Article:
Co-operatives in Football
September 3, 2010
FC Barcelona, one of the world’s most successful football clubs, is famously run on a co-operative basis – in short it is a private non-profit making sports association. The Club is owned and run by its 175,000 members who each pay an annual membership fee of approximately £150 bringing in around £25 million. Members have voting rights similar to that of a Co-operative Community Benefit Society in the UK and as a body they are able to dictate the future direction of their club. Fan ownership has led to FC Barcelona being placed at the very heart of the fiercely independent Catalonian region which has a population of over 7.5 million. Barcelona supplemented their income by a staggering €110 million in commercial revenue alone in 2008/09 which provides greater funding for youth development programmes and subsidised ticket prices.
The club is fully democratic, electing a President every six years. A delegate assembly is picked at random from the membership and is responsible for approving the accounts and authorising all financial decisions which will cause the club to incur debt. FC Barcelona is a fully fledged multi-sports club with the football side supporting the many other sports teams which fall under the same co-operative umbrella.
In theory long term security, youth development and fan welfare are put above short term success and financial gain by a co-operative model. This is best represented by the average cost of an adult season ticket at Barcelona costing just £75 and the club paying a charity, UNICEF, €1.5 million annually to sponsor their own shirts. By comparison, here in the English Premier League Manchester United receive £20 million a year in shirt sponsorship whilst Arsenal charge upwards of nearly £900 for a season ticket.
In Spain only Barcelona, Real Madrid, Athletic Bilbao and Osasuna have been successful in maintaining their co-operative status beyond the 1990s. By contrast the majority of Spanish clubs were forced to revert to private companies for the non-payment of taxes. In England there are several lower league clubs now operating on a co-operative model including – Stockport County, Exeter City and AFC Wimbledon. Whilst it can be effective on a small scale at clubs with low running costs and at internationally renowned clubs, such as Barcelona, it is harder to apply this model to the average club who routinely spend 90% or more of their turnover on player wages and are heavily reliant on their ticket sales as opposed to commercial revenue.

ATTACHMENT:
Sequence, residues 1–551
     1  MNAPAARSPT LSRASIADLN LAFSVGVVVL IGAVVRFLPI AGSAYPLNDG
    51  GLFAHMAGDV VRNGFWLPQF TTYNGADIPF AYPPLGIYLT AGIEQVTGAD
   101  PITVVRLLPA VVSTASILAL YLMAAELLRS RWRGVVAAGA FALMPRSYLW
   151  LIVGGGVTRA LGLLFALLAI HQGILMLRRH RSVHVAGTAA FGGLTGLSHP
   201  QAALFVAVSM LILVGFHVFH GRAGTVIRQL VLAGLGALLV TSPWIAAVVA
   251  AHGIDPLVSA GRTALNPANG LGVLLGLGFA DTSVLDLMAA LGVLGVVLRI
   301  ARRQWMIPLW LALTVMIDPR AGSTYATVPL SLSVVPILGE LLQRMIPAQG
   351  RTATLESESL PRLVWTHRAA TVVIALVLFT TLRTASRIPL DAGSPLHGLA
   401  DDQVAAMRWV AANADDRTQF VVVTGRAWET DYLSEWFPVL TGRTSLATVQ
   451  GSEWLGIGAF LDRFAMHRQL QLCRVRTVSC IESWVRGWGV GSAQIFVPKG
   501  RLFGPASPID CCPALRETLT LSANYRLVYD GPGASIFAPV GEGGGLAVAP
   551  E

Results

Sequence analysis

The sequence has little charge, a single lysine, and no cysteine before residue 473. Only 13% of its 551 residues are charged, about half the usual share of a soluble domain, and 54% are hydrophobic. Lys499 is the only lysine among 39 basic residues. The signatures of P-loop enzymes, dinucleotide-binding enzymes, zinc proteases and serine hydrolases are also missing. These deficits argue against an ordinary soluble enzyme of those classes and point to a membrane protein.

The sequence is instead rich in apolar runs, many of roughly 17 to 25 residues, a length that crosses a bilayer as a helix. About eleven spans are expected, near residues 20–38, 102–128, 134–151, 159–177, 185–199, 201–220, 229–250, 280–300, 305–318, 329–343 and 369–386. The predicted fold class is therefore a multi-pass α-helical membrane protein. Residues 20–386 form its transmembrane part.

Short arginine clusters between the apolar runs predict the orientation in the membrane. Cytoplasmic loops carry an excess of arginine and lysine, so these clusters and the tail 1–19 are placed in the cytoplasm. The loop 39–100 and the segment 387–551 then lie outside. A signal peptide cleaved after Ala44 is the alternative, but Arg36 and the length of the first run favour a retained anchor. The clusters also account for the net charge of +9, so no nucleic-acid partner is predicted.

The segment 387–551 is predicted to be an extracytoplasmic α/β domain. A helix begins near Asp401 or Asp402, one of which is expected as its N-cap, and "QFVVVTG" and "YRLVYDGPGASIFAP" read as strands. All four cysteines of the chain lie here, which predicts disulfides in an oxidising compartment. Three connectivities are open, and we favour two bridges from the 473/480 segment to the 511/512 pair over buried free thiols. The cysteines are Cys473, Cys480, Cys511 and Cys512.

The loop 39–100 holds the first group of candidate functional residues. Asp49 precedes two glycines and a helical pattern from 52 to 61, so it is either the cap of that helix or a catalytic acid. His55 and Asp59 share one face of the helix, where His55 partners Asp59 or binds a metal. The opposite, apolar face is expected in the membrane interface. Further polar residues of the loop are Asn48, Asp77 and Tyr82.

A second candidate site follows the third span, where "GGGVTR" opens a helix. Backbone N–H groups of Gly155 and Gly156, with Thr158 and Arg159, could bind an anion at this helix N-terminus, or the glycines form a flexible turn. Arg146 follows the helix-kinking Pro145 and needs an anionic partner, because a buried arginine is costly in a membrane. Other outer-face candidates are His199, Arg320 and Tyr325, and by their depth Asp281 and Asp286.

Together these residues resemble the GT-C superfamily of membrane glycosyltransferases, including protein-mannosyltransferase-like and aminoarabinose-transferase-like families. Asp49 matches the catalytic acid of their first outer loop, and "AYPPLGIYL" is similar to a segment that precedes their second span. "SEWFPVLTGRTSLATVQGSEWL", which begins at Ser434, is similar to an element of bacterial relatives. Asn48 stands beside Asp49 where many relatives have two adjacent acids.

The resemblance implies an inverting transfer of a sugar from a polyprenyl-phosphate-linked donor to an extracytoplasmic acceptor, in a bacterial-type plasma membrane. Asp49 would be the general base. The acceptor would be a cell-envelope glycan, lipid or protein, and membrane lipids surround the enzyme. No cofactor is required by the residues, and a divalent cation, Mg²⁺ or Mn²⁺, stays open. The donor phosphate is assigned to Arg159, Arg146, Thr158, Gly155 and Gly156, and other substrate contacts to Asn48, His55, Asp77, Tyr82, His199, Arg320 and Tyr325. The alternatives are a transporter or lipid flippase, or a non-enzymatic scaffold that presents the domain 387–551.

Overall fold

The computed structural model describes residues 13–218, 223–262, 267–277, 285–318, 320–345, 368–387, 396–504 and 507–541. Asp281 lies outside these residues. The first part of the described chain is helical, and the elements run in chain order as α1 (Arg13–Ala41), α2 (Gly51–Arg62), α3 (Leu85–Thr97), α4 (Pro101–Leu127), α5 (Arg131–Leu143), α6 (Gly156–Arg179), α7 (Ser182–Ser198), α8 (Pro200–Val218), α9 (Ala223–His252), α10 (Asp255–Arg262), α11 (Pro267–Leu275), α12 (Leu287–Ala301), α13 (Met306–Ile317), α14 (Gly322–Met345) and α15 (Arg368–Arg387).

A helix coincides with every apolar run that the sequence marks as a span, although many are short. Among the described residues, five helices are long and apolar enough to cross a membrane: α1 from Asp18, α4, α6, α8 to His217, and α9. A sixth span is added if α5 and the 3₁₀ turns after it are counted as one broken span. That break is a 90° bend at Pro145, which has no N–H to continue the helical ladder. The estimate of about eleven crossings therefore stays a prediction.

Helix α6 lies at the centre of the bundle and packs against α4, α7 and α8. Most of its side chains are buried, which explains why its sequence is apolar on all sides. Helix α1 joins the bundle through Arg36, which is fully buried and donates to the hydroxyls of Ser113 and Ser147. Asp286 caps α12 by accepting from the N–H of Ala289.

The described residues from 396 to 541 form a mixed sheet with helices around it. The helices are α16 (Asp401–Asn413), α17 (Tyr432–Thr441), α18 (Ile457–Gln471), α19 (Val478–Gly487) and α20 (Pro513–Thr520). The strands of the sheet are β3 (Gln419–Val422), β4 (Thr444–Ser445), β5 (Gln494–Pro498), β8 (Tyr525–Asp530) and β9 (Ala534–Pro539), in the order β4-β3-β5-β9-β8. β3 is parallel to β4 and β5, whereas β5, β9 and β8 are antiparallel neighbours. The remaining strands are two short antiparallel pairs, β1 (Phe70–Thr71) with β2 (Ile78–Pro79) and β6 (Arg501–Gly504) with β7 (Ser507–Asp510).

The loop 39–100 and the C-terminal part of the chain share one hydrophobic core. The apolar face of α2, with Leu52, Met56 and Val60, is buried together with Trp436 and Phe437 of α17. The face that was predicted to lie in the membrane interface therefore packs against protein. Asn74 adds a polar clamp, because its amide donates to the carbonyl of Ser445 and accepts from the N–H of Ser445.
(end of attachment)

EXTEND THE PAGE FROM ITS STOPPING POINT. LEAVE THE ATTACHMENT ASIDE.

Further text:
It is easy to imgaine how clubs like Manchester United with a worldwide fan base might attract a large membership beyond their catchment area. Significant income is raised from committed fans who do not regularly attend matches. In contrast, the typical Championship club (ie second tier) has between 6,000 and 12,000 season ticket holders and a brand with little national and no international appeal. It would not be surprising if supporters were reluctant to pay a membership fee on top of the cost of their pricey season ticket. The potential impact on a club’s revenue is confounded by the general expectation that an institution owned by the fans would reduce ticket prices. Under a co-operative model private cash injections are not an option. Instead clubs are reliant only on increasing their membership and commercial income to raise funds.
Over the years the Premier League has been characterised by otherwise small teams being bankrolled by a wealthy benefactor which is at odds with the organic growth the co-operative model promotes. Premier League football at clubs such as Blackburn Rovers, Wigan Athletic and Fulham (to name but three) would have been unlikely had they solely been reliant on their relatively small fan-bases for their income.
In order for the Barcelona model to work player wage expectations outside those at the very pinnacle of the sport must fall substantially. The structure and running of the English game is in desperate need of reform but until there is a revenue-linked cap on overall expenditure, a football club run on a co-operative basis, outside the elite few, would almost certainly find it impossibly tough as it sought to climb the football pyramid.